That line of thinking seems like the best and perhaps only ethical way to shop online. If you can afford it, buy your clothes from small businesses you'd like to see live out the virus. People that contribute so much to our culture — designers, artists, chefs, musicians, everyone interesting — are getting decimated by this, the plague. So if you can help, spend your money wisely.
"Buying and shopping online are the only lifelines for a lot of small businesses right now," designer Adam Selman, who runs the athleticwear brand Adam Selman Sport (aka A.S.S.) tells PAPER in an Instagram direct message. Selman makes the most comfortable sweatpants this reporter has ever owned, as well as incredibly ass-flattering leggings that work both for attempting at-home workout videos and taking photos to send to one's coronavirus boyfriend. And he thinks that this is a watershed moment for the industry.
"Shoppers are in a unique position to shape the future of what surrounds them and survives this chapter," he wrote. "It leaves a big opening — a lot of Goliaths in the industry could fall and more savvy brands could define the next chapter we live in. Currently, ordering online is another form of voting. Support the brands you love and believe in."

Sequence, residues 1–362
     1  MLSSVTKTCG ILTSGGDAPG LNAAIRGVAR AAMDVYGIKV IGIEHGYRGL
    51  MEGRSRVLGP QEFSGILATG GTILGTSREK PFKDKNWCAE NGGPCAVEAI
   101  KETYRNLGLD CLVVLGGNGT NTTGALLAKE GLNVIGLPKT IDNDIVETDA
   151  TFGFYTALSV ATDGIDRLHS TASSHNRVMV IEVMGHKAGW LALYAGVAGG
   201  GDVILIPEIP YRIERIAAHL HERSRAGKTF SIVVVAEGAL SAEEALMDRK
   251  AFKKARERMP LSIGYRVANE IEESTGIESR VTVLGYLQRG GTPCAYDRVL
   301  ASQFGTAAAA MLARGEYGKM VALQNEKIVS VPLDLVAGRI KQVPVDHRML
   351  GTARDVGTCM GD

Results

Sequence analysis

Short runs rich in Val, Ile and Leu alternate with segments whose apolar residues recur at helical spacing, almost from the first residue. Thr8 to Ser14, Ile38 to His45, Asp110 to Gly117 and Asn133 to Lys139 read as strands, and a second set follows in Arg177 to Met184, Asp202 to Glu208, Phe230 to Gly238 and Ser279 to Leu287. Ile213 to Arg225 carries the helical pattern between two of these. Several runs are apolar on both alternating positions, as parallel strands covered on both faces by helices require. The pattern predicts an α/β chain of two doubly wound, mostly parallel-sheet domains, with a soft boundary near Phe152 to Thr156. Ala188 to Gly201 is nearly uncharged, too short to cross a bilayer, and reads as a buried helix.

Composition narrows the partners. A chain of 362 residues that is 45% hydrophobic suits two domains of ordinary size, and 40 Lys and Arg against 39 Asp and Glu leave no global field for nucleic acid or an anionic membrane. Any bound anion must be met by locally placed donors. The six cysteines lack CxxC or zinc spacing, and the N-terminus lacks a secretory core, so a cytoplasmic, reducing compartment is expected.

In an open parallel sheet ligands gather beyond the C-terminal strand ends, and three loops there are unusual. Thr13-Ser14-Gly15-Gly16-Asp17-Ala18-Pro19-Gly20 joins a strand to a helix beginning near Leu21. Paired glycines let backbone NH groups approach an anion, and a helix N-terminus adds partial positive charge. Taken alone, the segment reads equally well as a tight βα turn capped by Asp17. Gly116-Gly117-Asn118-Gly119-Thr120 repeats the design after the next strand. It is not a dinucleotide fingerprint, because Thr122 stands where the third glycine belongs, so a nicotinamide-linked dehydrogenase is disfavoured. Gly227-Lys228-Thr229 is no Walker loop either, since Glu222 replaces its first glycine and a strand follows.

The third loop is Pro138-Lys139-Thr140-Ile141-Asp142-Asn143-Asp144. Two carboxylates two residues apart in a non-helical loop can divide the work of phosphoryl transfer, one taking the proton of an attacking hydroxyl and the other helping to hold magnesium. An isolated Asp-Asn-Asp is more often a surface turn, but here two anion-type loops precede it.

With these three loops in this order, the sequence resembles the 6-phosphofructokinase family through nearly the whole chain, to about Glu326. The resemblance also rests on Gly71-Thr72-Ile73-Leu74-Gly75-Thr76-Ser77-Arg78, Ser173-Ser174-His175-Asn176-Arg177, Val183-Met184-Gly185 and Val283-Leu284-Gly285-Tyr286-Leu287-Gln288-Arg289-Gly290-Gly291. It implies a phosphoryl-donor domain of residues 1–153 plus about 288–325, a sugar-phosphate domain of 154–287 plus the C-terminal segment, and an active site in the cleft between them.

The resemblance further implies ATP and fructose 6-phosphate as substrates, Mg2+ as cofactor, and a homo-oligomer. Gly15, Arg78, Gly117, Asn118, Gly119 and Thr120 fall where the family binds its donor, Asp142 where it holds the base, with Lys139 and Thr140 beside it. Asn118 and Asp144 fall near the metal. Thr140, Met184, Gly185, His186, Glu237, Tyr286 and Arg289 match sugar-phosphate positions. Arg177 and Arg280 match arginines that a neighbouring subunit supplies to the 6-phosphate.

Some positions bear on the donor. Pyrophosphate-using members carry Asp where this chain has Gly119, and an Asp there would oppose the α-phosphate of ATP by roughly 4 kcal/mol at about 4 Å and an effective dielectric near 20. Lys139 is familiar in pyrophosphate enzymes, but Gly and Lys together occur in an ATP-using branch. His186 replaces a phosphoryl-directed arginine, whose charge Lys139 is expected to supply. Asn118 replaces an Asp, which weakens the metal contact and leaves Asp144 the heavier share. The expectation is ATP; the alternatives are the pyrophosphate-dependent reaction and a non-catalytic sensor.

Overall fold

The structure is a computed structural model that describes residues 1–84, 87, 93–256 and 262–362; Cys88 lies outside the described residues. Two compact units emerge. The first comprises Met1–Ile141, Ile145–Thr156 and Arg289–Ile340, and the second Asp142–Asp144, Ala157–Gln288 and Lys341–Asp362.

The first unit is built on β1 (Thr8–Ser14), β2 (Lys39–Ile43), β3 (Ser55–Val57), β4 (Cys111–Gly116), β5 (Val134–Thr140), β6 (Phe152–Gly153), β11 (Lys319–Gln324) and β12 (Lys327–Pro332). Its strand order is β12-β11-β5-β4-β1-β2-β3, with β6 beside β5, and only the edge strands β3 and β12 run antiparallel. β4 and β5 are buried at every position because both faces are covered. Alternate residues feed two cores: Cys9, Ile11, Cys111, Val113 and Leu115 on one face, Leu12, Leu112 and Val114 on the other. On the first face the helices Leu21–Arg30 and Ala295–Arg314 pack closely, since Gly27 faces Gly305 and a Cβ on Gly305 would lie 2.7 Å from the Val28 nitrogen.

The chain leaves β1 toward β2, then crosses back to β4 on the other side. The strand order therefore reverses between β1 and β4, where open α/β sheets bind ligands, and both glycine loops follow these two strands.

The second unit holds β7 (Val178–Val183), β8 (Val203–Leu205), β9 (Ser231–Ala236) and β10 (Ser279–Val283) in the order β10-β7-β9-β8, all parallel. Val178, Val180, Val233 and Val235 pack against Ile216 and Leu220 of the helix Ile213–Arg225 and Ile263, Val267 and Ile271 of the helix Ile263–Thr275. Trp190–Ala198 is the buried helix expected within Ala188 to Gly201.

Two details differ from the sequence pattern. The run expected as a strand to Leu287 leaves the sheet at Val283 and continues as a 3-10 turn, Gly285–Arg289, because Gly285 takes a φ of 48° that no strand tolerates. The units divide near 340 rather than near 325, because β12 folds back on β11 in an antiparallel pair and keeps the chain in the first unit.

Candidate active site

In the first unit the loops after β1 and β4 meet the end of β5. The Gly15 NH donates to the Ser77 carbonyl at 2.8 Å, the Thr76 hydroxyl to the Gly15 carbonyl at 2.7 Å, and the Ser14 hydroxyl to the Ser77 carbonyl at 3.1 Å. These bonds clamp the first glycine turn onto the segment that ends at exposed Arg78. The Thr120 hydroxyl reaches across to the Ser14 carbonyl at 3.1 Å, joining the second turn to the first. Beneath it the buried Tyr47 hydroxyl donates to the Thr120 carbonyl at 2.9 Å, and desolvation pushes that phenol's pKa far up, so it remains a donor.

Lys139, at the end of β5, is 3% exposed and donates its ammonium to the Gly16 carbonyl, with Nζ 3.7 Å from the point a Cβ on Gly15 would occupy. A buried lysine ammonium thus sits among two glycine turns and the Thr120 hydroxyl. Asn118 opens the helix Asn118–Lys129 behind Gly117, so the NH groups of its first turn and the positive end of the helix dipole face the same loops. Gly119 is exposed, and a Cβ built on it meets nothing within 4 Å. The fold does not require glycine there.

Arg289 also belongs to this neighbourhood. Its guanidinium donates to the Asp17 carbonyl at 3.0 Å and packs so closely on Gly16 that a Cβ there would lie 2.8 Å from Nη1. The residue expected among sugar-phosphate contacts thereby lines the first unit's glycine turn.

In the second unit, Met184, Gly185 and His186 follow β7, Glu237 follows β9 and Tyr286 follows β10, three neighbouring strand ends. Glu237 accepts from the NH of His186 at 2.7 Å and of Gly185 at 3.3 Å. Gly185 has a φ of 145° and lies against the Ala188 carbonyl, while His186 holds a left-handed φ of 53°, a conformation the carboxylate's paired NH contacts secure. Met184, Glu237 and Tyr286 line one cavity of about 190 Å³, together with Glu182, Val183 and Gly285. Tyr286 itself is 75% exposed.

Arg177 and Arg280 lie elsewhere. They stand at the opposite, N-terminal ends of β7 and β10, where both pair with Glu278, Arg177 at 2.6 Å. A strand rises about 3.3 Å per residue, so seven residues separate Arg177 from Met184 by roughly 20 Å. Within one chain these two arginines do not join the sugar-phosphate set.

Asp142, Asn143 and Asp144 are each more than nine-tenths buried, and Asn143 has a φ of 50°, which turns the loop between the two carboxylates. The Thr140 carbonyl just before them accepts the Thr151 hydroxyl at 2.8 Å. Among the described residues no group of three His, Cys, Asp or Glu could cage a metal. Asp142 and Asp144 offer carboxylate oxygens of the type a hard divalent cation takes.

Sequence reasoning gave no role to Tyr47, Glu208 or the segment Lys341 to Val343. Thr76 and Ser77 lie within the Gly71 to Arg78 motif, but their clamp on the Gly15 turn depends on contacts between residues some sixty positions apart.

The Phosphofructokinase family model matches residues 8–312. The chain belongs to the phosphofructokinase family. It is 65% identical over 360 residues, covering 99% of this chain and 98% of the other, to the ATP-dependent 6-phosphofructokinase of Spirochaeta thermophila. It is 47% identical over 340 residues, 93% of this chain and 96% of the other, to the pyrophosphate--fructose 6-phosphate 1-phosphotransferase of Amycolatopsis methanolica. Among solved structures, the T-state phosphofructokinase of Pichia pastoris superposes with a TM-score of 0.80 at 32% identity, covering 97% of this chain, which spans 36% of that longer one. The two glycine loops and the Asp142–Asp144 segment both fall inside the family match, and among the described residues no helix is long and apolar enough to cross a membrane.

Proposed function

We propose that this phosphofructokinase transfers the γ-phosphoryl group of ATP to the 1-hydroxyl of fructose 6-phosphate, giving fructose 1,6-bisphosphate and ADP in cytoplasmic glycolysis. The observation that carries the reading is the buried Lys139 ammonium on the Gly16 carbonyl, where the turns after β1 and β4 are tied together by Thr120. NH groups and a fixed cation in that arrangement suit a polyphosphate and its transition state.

Brandon Veloria, co-owner of New York's best vintage boutique, James Veloria, has kept online orders going, aided by an active and joyful social media presence. (The store's charming Instagram stories, in which Veloria models archival looks from the likes of Jean Paul Gaultier and Vivienne Westwood, are not to be missed.)
"Doing stories and online sales have definitely been keeping me sane," he wrote in a DM. "It's been a really nice way of still maintaining a community and relationships with people that I'd normally see in person."
"I think in general it's important for us because we're able to continue maintaining jobs for our staff who are like family to us, and I think to a lot of our customers," he added. "Honestly though, even if people don't buy anything, all of the messages of support have been so encouraging and make me feel less alone or trapped in all of this. And hopefully my silly stories are helping people feel the same way."
Watching Veloria's stories adds a dash of glamour to my otherwise dull, dull days. I sit in my pajamas and watch him in polished '90s Commes de Garçons and Raf Simons button downs and think about how badly I want to get dressed up for something, anything. And then last night, I decided I just should get dressed for no reason, just to feel better. I put on a vintage Vivienne Westwood tartan with a cropped black Margiela sweater and high heels, the exact outfit I'd worn on a date right before the world stopped. It made me feel just a tad more normal, even if I only wore it to watch The Talented Mr. Ripley and drunkenly bake banana bread.
Getting dressed up — or at least putting on outside clothes — seems to have a positive effect on the bruised psyches of quarantined fashion lovers. All over my social media feeds, people are getting all glammed up, just for fun (I would also dress up for a Zoom party, but I have not been invited to a single one). On Instagram, accounts like Work From Home Fits encourage people to have fun with fashion, even if no one will see it IRL. So if you have the money, and you want something from a local shop or designer, don't feel weird about ordering it. You'd be doing your best to keep a business and a culture alive, for just a little while longer.